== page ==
The effect of TSG-6 on the secretion of glial scar components after PBI

We also evaluated glial scar secretion within the injury site and injured hemisphere by evaluating the expression levels of the biosynthetic enzymes responsible for HA and CS chain elongation, specifically hyaluronan synthase 2 (Has2), carbohydrate (chondroitin 4) sulfotransferase (chst 11) and carbohydrate (chondroitin 4) sulfotransferase 12 (chst 12) (Fig. 4). Has2 expression increased in the injury site when compared to the remaining injured hemisphere 5 days post injury in both Tsg-6+/− and Tsg-6−/− mice, confirming the numerous previously published reports showing that HA is an integral component of the glial scar [17, 66,67,68]. Interestingly, there was a twofold increase in Has2 expression in the injury site of Tsg-6−/− mice when compared to Tsg-6+/− mice 5 days after injury, indicating that there is a higher rate of glial scar production in Tsg-6−/− mice when compared to Tsg-6+/− mice (Fig. 4A). At 10 days post-injury, Has2 expression was still increased by twofold in Tsg-6−/− mice when compared to Tsg-6+/− mice, but at this time point there was also an increase in Has2 expression in the remaining injured hemisphere of Tsg-6−/− mice when compared to Tsg-6+/− mice (Fig. 4B). Thus, at 10 days after injury, in Tsg-6−/− mice, the expression of glial scar components was no longer limited to the injury site, but was also present within the remaining injured hemisphere. Interestingly, this was also true for the expression of Chst11 and Chst12, which showed a five fold and four fold increase, respectively, within the injured hemisphere of Tsg-6−/− mice at 5 days post injury when compared to Tsg-6+/− mice (Fig. 4C, E). The increase in Chst11 and Chst12, in both the injury site and injured hemisphere, was maintained through to 10 days post-injury (Fig. 4D, F).

Fig. 4
figure4

Analysis of glial scar extracellular matrix components after PBI. HAS2, Chst 11 and Chst 12 mRNA expression levels were quantified in the injury site and the injured hemisphere after PBI. TSG+/− and TSG-6−/− mice were subjected to PBI, and the injury site and remaining injured hemisphere were collected 5 and 10 days after injury. mRNA was extracted and subjected to real-time PCR analysis for HAS2 (A, B), Chst11 (C, D) and Chst 12 (E, F) mRNA expression. * = p ≤ 0.05 comparing TSG-6−/+ and TSG-6−/− mice

The effect of TSG-6 on astrocyte activation and recruitment after PBI

In order to further investigate the process of astrogliosis in Tsg-6+/− and Tsg-6−/− mice, injured brains were harvested and processed for histology. Sections were stained for GFAP in order to assess the distribution of astrocytes in and around the injury site, and, also, throughout the remaining brain tissue. The number of astrocytes (GFAP+ cells) was counted within the injury site, throughout the injured hemisphere, and, also, throughout the contralateral hemisphere 3 and 14 days post-injury (Fig. 5A, B). At 3 and 14 days post-injury there was a significant increase in the number of astrocytes within the injury site when compared to the injured hemisphere and contralateral hemisphere in both Tsg-6+/− and Tsg-6−/− mice. At 3 days post-injury there was no significant difference between the number of astrocytes within the injury site between Tsg-6+/− and Tsg-6−/− mice; however, there was a significant increase in the number of astrocytes within the injured hemisphere in Tsg-6−/− mice when compared to Tsg-6+/− mice (Fig. 5A). At 14 days post-injury there was a significant increase in the number of astrocytes within the injury site and injured hemisphere in Tsg-6−/− mice when compared to Tsg-6+/− mice (Fig. 5B, D). The increase in astrocytes can be seen beyond the injury site in Tsg-6−/− mice (Fig. 5C, D panel iv).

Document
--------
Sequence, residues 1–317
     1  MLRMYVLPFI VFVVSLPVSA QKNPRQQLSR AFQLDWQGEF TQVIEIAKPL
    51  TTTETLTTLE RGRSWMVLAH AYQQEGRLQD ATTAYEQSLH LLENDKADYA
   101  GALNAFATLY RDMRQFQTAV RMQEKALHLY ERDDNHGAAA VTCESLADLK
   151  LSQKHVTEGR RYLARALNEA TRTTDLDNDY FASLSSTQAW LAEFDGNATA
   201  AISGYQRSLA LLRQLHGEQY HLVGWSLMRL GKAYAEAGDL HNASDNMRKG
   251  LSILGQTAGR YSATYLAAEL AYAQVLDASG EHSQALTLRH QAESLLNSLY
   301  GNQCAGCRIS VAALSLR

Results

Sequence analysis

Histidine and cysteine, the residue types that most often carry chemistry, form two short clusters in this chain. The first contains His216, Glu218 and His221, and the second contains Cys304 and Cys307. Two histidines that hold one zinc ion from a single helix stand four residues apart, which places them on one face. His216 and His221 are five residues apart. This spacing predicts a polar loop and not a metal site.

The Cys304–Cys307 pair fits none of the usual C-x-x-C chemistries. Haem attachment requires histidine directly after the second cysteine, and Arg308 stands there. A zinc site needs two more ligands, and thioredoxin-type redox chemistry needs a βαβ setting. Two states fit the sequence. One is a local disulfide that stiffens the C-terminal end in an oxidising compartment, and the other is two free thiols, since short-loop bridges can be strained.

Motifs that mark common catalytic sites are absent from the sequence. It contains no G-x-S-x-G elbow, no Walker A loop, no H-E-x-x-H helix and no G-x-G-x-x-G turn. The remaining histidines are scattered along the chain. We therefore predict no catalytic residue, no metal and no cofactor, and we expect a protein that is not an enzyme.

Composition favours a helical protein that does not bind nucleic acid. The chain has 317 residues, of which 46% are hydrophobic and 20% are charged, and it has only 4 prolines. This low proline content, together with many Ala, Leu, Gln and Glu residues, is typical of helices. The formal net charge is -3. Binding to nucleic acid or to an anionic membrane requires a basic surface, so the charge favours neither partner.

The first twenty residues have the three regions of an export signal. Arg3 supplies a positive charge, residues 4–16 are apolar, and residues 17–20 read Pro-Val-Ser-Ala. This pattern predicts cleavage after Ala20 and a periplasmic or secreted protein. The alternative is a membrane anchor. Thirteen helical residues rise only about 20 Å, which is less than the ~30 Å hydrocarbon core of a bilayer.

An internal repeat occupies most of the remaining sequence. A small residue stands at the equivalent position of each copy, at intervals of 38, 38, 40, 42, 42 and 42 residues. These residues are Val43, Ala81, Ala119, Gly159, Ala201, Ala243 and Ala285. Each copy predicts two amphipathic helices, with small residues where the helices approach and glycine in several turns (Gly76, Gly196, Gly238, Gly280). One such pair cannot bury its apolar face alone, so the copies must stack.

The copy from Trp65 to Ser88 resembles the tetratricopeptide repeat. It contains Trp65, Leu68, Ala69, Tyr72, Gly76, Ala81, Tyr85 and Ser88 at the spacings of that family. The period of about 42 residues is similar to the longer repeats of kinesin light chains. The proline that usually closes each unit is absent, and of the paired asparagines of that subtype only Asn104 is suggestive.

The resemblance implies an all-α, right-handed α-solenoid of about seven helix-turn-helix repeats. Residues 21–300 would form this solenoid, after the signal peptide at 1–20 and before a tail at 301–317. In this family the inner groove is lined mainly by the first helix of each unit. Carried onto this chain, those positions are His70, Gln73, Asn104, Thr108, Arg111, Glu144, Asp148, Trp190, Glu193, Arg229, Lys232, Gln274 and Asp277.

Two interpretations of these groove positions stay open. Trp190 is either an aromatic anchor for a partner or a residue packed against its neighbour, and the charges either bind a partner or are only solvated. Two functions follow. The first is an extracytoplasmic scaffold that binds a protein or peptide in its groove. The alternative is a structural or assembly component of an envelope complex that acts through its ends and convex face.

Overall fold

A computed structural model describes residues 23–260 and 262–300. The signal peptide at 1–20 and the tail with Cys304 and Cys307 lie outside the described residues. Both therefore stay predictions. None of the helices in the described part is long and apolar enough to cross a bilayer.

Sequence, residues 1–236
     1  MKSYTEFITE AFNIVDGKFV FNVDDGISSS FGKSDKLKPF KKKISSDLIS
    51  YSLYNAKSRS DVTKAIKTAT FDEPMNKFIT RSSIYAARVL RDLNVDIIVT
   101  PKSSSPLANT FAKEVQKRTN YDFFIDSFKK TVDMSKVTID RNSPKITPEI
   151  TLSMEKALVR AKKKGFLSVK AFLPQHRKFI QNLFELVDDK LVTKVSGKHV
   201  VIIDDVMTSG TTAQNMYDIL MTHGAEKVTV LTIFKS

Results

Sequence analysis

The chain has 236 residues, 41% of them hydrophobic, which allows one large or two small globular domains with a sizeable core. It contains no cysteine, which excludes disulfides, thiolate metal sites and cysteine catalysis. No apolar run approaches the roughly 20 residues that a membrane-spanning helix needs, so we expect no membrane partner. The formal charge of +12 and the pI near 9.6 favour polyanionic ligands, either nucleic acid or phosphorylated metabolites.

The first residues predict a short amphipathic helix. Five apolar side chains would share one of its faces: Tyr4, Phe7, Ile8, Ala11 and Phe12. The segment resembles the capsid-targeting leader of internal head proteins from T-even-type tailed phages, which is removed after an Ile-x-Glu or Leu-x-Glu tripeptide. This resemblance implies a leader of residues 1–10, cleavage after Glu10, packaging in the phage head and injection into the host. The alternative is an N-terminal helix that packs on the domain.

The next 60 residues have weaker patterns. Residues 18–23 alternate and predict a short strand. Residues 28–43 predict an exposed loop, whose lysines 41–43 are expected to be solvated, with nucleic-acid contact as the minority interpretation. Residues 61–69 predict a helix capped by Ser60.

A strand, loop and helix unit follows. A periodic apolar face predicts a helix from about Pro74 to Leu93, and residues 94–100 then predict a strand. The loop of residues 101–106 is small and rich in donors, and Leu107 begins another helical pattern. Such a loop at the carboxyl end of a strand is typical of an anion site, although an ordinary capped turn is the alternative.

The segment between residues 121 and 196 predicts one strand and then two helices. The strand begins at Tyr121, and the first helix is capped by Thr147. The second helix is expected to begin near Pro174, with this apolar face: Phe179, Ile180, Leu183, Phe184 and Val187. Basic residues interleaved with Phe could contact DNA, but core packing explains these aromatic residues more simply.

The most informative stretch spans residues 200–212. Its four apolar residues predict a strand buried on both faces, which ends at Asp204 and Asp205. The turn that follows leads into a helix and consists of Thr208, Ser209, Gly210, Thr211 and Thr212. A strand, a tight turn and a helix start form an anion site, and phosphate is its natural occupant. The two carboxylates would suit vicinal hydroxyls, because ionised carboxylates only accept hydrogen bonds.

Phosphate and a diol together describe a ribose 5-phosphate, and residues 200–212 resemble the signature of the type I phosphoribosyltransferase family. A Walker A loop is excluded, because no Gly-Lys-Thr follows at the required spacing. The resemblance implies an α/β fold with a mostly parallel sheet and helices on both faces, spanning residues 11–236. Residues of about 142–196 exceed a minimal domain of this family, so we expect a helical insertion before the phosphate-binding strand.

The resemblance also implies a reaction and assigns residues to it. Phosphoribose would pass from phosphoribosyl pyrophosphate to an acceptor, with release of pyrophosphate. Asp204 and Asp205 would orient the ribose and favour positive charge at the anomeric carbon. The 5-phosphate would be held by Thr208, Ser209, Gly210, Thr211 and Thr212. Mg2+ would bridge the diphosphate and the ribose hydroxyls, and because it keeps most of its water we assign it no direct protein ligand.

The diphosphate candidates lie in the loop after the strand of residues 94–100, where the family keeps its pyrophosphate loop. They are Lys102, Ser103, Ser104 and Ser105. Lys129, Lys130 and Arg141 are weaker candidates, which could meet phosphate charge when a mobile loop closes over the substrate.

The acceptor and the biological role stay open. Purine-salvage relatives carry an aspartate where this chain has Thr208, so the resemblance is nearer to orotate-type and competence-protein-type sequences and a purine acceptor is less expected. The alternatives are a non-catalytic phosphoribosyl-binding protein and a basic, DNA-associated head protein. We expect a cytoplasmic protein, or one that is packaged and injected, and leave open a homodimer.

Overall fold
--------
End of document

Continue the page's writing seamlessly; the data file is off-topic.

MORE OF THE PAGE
Fig. 5
figure5

Analysis of astrocyte activation and recruitment after PBI. Brain sections from TSG-6+/− and TSG-6−/− mice were analyzed by immunofluorescence. Astrocytes were identified with anti-GFAP (green) and the glial scar with HABP (red). Nuclei were counterstained with DAPI (blue). Z-stacks were captured of the entire brain section using the tilling mode, and images were stitched together using Zen software. Thereafter, the number of astrocytes was counted within the injury site, within the injured hemisphere and in the contralateral hemisphere of brains 3 (A) and 14 dpi (B) in a double blinded manner. The distribution of astrocytes throughout the brain sections shows that in TSG-6−/− mice the increase in astrocytes is not restricted to the injury site (C). Magnified images of the areas demarcated in (C) can be seen in (D). At least 3 mice were analyzed per genotype for each time point. * = p ≤ 0.05 comparing TSG+/− and TSG-6−/− mice

Discussion